The island is no longer an island, but the city on it is not yet a city. A calming yet strange silence envelops the enormous government-built conference center. As I walk past another large building, the spacious civic center, a flock of birds swirls just in front of me before rushing to safer heights. The birds are the only beings I encountered on the footpath. Some doors in the shopping alley already have names on them but the windows reveal their emptiness. It is Monday, there is no holiday, and it is still before the end of the working day; yet I noticed only a few people.
Is it a ghost town? No, for ghosts are the emanations of the deceased and this city is just waiting to be born. There is no sense of decay, but of hope. The “Lianyun New City” – which is in fact the new business district of a city called Lianyungang – is waiting by the sea, hoping to be engulfed by the flood of development.
Lianyungang was recently mentioned by China’s leader, Xi Jinping, as one of the nodal points of the Belt and Road Initiative (previously known as One Belt, One Road, hence OBOR/BRI). The expression was timely as it appeared in Xi’s speech during the Belt and Road Initiative Forum held in Beijing in May 2017.
Even before the OBOR initiative was first announced in 2013, Lianyungang was being mentioned as the starting point of OBOR’s earlier and smaller avatar, the Eurasian Land Bridge. Lianyungang could indeed be a symbol of the Belt and Road rhetoric as it is conveniently located at a cross-section of land and sea routes. The railway line is a part of a network that not only reaches western China but stretches on through Kazakhstan to Europe. At the same time the coastal city is located not far away from the bustling South Korean port of Busan. Thanks to an agreement signed in 2013 by the city’s authorities in the presence of the leaders of China and Kazakhstan, companies from Kazakhstan are now using Lianyungang’s port facilities.
While Lianyungang used to be recommended as a laid-back town of a kind in which one could spend their elderly years (if you don’t mind the nuclear reactors), the city has recently seen an uptick of economic activities. The port was recently expanded and the already described new business district is being built northeast of the city and northwest of the port, on a small island which is actually so close and well-bridged that it forms an easy addition to the coast. The cost of land for investment is very competitive in comparison to other cities. Led by its mayor, Lianyungang embarked on a regional-level diplomacy mission that is common for many of China’s provinces and cities. Apart from the already mentioned deal with Kazakhstan, Lianyungang’s international cooperation now includes, among others, an agreement signed with the Belarusian city Zhlobin. Lianyungang seems now ready to both reclaim the land from the sea and lay a claim to a sea of opportunities inland.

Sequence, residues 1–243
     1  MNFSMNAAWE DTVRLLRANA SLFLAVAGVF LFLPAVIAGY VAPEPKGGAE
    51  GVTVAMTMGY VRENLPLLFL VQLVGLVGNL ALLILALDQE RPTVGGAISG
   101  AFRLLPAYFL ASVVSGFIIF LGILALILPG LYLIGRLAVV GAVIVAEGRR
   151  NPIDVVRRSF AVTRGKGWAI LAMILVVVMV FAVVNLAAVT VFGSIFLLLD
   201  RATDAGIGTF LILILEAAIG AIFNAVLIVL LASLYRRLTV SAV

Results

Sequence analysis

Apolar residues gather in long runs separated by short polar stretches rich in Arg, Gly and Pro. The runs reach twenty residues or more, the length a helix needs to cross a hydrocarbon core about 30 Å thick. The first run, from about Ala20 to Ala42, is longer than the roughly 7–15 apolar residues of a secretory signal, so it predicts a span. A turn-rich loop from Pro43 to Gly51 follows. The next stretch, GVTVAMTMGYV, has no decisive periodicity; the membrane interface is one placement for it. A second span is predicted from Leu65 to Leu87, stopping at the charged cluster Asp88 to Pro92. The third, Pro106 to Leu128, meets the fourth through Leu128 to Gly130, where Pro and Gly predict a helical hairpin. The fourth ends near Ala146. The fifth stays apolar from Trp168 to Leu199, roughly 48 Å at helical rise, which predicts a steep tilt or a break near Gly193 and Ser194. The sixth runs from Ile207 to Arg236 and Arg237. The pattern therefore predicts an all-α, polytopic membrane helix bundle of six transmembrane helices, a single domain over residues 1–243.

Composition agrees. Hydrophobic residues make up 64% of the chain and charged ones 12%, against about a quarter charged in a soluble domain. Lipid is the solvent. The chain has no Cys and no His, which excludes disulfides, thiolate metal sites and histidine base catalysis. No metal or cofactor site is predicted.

Yet, obstacles and doubts remain. Lianyungang is not even the capital of its province, Jiangsu. It is a prefecture-level city and there are bigger and economically more important cities even in the province, not to speak of a broader region. Lianyungang is also obviously not the only Chinese city which is both a port and a trading center connected by rail to Central Asia. While trade can expand, at least one of its sources – the Eurasian railway connection – is, after all, limited in its capacity and the establishment of new railway connections seems hardly a viable option. Yet, among other and more concrete advantages that Lianyungang has it now gained a new one – the OBOR/BRI logo on its team’s T-shirts.
The OBOR/BRI project is visibly offering a wider advertising platform for some of China’s lesser known regions and cities. It is not that without this initiative economic opportunities and regional-level diplomacy would not be possible. It is not that without this project investment would not come and new infrastructure would not be established. It is just that cities like Lianyungang can get the hold of the OBOR/BRI promotional balloon to claim that their efforts are a part of a wider, national strategy. Both Chinese and foreign institutions have understood that using the OBOR/BRI symbolism may provide additional popularity to a project or an event. Lianyungang understands that very well too. The city’s marketing materials use the “One Belt, One Road”/”Belt and Road Initiative” catchphrase. Just few weeks after Xi’s mention of Lianyungang in Beijing, a conference on the One Belt, One Road was held in the city (which is how I ended up in Lianyungang).
As I was walking back from my short tour of the under-construction business district the sun was getting ready to sink behind row of tall and empty office buildings. A bus went by, manned by a woman driver but otherwise empty (the previous bus had some 3 or 4 passengers in it). One may think here of Wade Shepard’s book, The Ghost Cities of China. Yet, Lianyun New City is different. Shepard’s “ghost cities” told the story of residential areas waiting for a flood of people moving from rural to urban areas. Lianyun New City, in turn, is a new business district waiting for more investors. But the two do have something in common: very meticulous Chinese pre-planning.
Some would say that it is too risky to plan and build so much before an expected process actually starts. Others, however, would point out that the only preparation is a good one. Building an empty district before the economic activities will start is an obvious risk of overshooting one’s capabilities. But, as many examples around the world show, reacting when the process has already started can bring about haphazard systems and inefficient improvisation. After all, Lianyun New City is a city waiting to be born – and when you wait for the birth, you prepare the house beforehand (despite the risks of pregnancy) rather than wait until after the delivery.